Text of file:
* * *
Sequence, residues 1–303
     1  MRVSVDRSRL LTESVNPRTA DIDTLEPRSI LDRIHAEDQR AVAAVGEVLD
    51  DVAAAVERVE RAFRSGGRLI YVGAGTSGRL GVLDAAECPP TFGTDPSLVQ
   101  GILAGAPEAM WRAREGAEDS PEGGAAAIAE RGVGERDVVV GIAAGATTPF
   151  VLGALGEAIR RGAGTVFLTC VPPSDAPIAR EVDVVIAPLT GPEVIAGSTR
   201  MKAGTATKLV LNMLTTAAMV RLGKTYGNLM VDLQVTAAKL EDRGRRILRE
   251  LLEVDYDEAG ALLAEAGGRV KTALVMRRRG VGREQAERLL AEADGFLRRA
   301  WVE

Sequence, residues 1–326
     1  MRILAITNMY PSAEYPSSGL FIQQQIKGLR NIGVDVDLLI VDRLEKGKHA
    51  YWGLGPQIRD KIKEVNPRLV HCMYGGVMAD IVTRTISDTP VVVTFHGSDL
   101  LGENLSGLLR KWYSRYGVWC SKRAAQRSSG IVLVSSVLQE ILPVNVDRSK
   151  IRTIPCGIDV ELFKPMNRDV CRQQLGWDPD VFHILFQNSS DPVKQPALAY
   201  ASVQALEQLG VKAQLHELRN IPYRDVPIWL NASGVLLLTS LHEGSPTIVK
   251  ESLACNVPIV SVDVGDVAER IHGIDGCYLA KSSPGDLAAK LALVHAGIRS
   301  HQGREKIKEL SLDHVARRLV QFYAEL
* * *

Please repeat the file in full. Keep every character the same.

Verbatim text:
Sequence, residues 1–303
     1  MRVSVDRSRL LTESVNPRTA DIDTLEPRSI LDRIHAEDQR AVAAVGEVLD
    51  DVAAAVERVE RAFRSGGRLI YVGAGTSGRL GVLDAAECPP TFGTDPSLVQ
   101  GILAGAPEAM WRAREGAEDS PEGGAAAIAE RGVGERDVVV GIAAGATTPF
   151  VLGALGEAIR RGAGTVFLTC VPPSDAPIAR EVDVVIAPLT GPEVIAGSTR
   201  MKAGTATKLV LNMLTTAAMV RLGKTYGNLM VDLQVTAAKL EDRGRRILRE
   251  LLEVDYDEAG ALLAEAGGRV KTALVMRRRG VGREQAERLL AEADGFLRRA
   301  WVE

Sequence, residues 1–326
     1  MRILAITNMY PSAEYPSSGL FIQQQIKGLR NIGVDVDLLI VDRLEKGKHA
    51  YWGLGPQIRD KIKEVNPRLV HCMYGGVMAD IVTRTISDTP VVVTFHGSDL
   101  LGENLSGLLR KWYSRYGVWC SKRAAQRSSG IVLVSSVLQE ILPVNVDRSK
   151  IRTIPCGIDV ELFKPMNRDV CRQQLGWDPD VFHILFQNSS DPVKQPALAY
   201  ASVQALEQLG VKAQLHELRN IPYRDVPIWL NASGVLLLTS LHEGSPTIVK
   251  ESLACNVPIV SVDVGDVAER IHGIDGCYLA KSSPGDLAAK LALVHAGIRS
   301  HQGREKIKEL SLDHVARRLV QFYAEL